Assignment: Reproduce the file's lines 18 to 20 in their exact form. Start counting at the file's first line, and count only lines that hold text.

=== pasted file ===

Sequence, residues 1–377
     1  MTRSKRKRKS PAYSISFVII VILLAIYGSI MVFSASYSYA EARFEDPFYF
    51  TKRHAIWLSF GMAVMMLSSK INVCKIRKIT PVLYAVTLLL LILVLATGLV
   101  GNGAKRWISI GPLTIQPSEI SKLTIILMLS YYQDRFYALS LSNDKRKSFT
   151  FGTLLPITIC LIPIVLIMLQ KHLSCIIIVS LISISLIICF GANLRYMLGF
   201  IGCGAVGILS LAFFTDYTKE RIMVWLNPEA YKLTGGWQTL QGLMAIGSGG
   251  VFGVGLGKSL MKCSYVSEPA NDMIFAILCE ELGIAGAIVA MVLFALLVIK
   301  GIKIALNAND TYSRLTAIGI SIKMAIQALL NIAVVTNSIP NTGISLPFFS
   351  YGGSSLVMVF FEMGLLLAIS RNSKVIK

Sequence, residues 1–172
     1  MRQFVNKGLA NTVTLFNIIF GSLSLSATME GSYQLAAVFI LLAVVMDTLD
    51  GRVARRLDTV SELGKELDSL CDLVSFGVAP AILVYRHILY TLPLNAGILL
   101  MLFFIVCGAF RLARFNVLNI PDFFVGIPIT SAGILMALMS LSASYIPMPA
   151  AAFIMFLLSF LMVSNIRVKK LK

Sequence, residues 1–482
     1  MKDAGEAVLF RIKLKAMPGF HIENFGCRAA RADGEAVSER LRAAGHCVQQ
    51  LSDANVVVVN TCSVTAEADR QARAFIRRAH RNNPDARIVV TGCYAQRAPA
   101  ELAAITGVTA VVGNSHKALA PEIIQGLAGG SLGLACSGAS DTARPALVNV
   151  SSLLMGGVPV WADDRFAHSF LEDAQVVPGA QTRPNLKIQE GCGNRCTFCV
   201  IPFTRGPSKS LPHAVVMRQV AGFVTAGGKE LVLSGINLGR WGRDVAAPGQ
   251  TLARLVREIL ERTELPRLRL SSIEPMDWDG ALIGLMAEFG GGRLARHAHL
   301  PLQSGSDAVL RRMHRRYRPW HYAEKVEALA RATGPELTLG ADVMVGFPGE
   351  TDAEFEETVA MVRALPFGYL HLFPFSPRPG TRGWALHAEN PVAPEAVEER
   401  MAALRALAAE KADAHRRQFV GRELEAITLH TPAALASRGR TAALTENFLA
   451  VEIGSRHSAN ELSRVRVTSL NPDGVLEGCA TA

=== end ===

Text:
   101  ELAAITGVTA VVGNSHKALA PEIIQGLAGG SLGLACSGAS DTARPALVNV
   151  SSLLMGGVPV WADDRFAHSF LEDAQVVPGA QTRPNLKIQE GCGNRCTFCV
   201  IPFTRGPSKS LPHAVVMRQV AGFVTAGGKE LVLSGINLGR WGRDVAAPGQ